Baba Banta Singh – Why Guru Gobind Singh wrote the Dasam Granth?


The History of Dasam (tenth) Guru’s compositions (bani) begins with the time when these compositions were verbally spoken, composed and compiled by Guru Gobind Singh. These compositions in the form of booklets and Granths were created over various periods of the Guru’s life. Later (after 1708), they were combined in the form of the present-day granth or single volume by Bhai Mani Singh Khalsa, with help of other Khalsa brothers. This was done on the direct instruction of Mata Sundri and this volume is presently recognized as Sri Dasam Granth Sahib.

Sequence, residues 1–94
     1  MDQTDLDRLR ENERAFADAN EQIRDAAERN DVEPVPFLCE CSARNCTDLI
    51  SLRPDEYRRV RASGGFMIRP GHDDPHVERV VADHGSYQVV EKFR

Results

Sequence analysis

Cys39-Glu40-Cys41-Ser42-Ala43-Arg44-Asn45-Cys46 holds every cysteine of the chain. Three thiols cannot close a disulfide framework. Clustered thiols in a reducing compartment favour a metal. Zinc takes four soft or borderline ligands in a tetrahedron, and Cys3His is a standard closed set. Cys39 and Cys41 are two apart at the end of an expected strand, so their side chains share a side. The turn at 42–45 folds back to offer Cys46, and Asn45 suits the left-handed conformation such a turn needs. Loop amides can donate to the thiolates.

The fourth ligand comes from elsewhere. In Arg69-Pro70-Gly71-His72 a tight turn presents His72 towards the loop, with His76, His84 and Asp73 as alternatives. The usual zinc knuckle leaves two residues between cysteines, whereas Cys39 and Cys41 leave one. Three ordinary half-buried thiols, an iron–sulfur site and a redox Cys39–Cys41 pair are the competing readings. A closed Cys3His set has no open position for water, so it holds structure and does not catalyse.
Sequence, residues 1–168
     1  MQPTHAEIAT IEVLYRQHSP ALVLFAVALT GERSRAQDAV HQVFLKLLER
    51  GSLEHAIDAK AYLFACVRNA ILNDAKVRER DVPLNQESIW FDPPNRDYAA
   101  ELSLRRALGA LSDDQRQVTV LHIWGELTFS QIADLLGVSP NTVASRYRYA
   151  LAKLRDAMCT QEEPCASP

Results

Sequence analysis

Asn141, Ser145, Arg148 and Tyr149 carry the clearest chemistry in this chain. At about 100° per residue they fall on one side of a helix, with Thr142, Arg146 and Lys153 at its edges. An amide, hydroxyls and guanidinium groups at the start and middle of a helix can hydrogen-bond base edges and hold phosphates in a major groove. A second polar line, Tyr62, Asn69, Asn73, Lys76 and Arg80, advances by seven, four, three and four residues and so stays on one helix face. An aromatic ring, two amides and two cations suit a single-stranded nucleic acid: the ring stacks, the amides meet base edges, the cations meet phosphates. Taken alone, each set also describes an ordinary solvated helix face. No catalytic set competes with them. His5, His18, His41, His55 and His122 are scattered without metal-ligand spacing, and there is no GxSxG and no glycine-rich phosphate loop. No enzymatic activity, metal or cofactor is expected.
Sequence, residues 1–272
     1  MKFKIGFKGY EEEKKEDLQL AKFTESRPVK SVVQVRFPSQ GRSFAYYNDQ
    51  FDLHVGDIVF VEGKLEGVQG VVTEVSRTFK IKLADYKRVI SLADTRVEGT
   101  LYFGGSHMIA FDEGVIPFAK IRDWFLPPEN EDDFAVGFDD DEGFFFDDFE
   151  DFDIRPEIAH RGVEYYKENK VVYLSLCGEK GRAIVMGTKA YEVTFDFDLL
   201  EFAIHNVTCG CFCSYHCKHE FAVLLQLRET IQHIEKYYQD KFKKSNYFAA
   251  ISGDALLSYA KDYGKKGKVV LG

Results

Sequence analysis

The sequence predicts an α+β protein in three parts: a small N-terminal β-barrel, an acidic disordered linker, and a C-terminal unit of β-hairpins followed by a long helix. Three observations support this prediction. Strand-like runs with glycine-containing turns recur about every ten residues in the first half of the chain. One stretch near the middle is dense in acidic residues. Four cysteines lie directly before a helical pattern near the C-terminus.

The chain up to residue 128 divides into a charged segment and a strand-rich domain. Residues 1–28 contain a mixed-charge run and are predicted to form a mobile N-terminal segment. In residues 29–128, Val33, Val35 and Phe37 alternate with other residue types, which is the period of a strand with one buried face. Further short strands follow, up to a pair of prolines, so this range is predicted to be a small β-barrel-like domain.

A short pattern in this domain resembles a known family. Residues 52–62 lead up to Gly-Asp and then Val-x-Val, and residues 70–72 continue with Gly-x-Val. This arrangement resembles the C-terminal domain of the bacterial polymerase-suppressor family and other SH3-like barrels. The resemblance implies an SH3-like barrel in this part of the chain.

From historical books, Rehitnamas, old manuscripts and oral traditions of various Sampardas (sections of Sikhs), it can be observed that the Sikhs had access to these compositions which they studied, discussed and understood these compositions during Guru Gobind Singh’s lifetime and after his demise in 1708.

These compositions include most of the important sections of the present-day Dasam granth namely, Jaapu Sahib, Akal Ustat, Bachitar Natak, Chandi Charitar, Chandi Di Var, Gyan Prabodh, Chaubis Avtar, Thirty-Three Swayyas, Sawaiye, Shashtar Nam Mala, Ath Pakh-yaan Charitar Likh-yatay and Zafarnamah.

Many historical sources from the early 17th century contain various lines, hymns and the same names used by the Guru in his compositions. Guru Gobind Singh’s voice, his personal style of poetry is clearly evident, as these authors composed their books using the same Chands and Meters in which Guru Gobind Singh composed his compositions.